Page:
Trump Called the Fed's Rate Hikes 'Crazy.' The Banking World Respectfully Disagrees

President Trump spoke with reporters after arriving at Erie International Airport for a campaign rally at Erie Insurance Arena on Wednesday

Trump says Federal Reserve ‘has gone crazy’ after big stock drop

U.S. President Donald Trump said Wednesday's stock market sell-off was a correction that was long awaited, and that the Federal Reserve, which has been raising interest rates, has gone "crazy".

Earlier on Tuesday, White House economist Kevin Hassett said the administration respects the Fed's independence and pointed to Trump's nominees to the central bank as evidence of its non-partisan approach to the setting of monetary policy.

Those financial crisis-inspired programmes - such as quantitative easing - are now ending and the Fed has raised U.S. interest rates three times already this year - raising borrowing costs - and could add a fourth hike by the end of 2018.

But as the economy began to post solid and consistent growth following the global financial crisis of 2008, and prices began to creep higher, the central bank was anxious to return to a more normal policy.

Trump has taken a number of steps this year to further juice the economy, including boosting federal spending.

"It will remind all of us that when you are a member of a club and you decide to stay in that club, then you play by the rules of the club", she said.

"I think we don't have to go as fast", the president answered to a question about the Fed raising rates by CNBC from the south lawn of the White House.

Investors are leaning into safer stocks with steady dividends - utilities and consumer staples - and pulling out of the higher-paying, higher-risk stocks as other guideposts of growth, like the communication sector, tumbled.

Powell and Trump haven't personally discussed the matter, the Fed chair has said, but Trump's rhetoric has alarmed some Democrats and Republicans on Capitol Hill.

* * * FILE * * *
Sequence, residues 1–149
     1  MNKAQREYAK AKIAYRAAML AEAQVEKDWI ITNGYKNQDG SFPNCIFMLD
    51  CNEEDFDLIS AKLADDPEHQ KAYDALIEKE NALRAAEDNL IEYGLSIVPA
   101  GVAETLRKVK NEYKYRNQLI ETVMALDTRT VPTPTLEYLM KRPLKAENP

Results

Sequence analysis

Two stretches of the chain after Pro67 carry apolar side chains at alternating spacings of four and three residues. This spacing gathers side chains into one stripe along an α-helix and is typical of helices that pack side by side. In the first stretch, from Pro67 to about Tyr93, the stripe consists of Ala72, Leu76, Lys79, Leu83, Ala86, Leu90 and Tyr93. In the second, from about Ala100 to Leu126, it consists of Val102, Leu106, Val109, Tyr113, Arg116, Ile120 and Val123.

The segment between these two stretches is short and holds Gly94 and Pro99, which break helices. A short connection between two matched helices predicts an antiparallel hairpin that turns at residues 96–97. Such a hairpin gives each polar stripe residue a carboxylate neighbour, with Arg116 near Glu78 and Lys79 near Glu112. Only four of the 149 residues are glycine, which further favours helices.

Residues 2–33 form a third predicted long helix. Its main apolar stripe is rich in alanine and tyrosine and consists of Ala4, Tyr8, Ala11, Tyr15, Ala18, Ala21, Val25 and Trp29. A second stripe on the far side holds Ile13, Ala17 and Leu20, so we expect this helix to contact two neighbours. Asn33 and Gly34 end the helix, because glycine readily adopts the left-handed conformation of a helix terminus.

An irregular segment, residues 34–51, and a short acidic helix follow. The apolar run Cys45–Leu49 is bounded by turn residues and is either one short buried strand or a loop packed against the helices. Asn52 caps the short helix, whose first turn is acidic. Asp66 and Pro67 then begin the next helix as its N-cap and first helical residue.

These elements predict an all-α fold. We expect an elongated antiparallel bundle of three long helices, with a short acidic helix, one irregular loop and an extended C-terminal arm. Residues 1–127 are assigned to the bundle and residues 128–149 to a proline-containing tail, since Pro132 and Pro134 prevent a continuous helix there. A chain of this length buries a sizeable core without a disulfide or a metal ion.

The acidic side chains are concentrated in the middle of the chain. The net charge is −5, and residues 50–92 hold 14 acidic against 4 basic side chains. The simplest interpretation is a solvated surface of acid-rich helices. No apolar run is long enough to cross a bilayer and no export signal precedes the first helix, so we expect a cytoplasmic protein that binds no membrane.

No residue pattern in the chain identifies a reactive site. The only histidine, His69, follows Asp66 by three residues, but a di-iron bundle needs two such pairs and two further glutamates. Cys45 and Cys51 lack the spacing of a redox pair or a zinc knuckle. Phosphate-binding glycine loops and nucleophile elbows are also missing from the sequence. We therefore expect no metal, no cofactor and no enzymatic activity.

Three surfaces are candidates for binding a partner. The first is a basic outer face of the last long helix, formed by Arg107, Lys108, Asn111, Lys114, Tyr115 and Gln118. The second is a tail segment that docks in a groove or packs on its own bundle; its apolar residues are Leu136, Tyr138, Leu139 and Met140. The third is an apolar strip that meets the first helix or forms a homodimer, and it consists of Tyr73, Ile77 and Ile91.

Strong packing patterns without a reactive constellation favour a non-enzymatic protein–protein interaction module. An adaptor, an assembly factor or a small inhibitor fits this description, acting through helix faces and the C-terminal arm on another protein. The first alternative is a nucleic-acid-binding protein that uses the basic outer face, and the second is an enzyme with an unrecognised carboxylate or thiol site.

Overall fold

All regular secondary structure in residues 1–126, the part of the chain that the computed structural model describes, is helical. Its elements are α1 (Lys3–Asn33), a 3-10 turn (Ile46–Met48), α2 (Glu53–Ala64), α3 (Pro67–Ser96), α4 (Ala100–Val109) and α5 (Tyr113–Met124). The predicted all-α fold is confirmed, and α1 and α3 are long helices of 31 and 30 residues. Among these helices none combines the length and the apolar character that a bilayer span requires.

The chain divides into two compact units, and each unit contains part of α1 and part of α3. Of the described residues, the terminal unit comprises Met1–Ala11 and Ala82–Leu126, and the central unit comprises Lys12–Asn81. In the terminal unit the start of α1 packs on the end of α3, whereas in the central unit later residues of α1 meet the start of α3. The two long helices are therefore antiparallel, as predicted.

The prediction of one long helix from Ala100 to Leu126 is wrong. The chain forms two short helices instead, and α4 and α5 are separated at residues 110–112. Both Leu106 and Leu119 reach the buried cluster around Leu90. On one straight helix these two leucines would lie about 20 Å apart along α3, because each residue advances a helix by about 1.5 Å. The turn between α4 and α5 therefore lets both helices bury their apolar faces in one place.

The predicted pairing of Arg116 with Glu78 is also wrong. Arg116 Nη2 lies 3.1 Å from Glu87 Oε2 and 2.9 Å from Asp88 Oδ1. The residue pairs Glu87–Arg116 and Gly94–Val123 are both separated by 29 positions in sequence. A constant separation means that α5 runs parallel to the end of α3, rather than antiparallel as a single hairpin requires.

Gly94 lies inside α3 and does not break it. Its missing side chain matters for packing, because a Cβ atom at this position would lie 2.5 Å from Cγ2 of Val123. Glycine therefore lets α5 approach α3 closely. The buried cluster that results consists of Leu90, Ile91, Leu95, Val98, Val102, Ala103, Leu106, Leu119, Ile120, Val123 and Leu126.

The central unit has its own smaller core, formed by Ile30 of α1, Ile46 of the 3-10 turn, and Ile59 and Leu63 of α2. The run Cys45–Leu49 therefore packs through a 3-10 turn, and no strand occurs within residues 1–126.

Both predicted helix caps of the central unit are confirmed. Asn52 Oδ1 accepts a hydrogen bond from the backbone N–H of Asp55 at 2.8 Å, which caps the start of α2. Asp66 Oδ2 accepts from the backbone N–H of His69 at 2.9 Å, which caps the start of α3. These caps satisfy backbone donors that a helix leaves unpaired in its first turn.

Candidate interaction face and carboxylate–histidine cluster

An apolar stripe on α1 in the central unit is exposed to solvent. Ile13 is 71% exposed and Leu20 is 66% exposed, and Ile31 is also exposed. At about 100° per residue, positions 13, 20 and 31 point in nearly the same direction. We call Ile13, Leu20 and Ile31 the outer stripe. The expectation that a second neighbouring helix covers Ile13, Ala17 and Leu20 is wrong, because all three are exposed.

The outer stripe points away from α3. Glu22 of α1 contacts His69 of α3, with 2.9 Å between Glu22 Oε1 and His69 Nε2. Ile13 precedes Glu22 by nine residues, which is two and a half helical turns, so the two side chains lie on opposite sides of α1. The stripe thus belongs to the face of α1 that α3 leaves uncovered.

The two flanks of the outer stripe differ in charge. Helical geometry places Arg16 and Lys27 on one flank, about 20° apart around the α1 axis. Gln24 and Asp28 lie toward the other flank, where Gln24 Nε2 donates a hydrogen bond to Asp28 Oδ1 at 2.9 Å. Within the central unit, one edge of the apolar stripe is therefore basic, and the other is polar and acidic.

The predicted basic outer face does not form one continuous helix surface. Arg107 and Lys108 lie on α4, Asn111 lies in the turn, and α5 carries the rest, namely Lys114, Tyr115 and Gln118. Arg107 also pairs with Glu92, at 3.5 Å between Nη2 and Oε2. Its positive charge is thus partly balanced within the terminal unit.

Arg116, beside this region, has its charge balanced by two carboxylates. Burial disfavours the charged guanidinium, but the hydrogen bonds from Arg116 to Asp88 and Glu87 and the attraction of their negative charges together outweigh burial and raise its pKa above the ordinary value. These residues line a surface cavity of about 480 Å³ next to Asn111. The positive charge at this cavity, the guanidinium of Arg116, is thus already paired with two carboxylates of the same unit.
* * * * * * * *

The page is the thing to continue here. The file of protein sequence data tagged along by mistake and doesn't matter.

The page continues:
It was the latest in series of recent barrages the president has unleashed at the Fed, which under his hand-picked chairman, Jerome Powell, has been gradually raising rates as the economy has strengthened to prevent a run-up in inflation.

Trump said Thursday he wouldn't fire Fed Chairman Jerome Powell, although he added he knew more about interest rate policy than the Fed does. "I think what they're doing is wrong", Mr. Trump said. The 10 year U.S. Treasury, a key benchmark for rates, has been spiking and is now at 3.2 percent, one of its highest levels since just after the Great Recession.

Although the drop was unusually large, the stock market has been on a historic run of gain since the president's inauguration.

"And we just try to do the right thing for the medium and longer term for the country". The central bank expects to raise the federal funds rate one more time in 2018 and three times in 2019.

Trump's latest attack on the USA central bank appeared to blame the Federal Reserve for a stock rout that market analysts mostly attributed to fresh concern about his trade war with China. "The problem in my opinion is Treasuries and the Fed".

Responding to big losses on Wall Street, President Trump said Thursday that he understands the economy better than the Federal Reserve. His criticism breaks a longtime political tradition.

Part of the recent rout in U.S. stocks has been down to sharp falls in the so-called Faang companies - Facebook, Apple, Amazon, Netflix and Google.

"I don't think he's calling out the Fed, quote-unquote".

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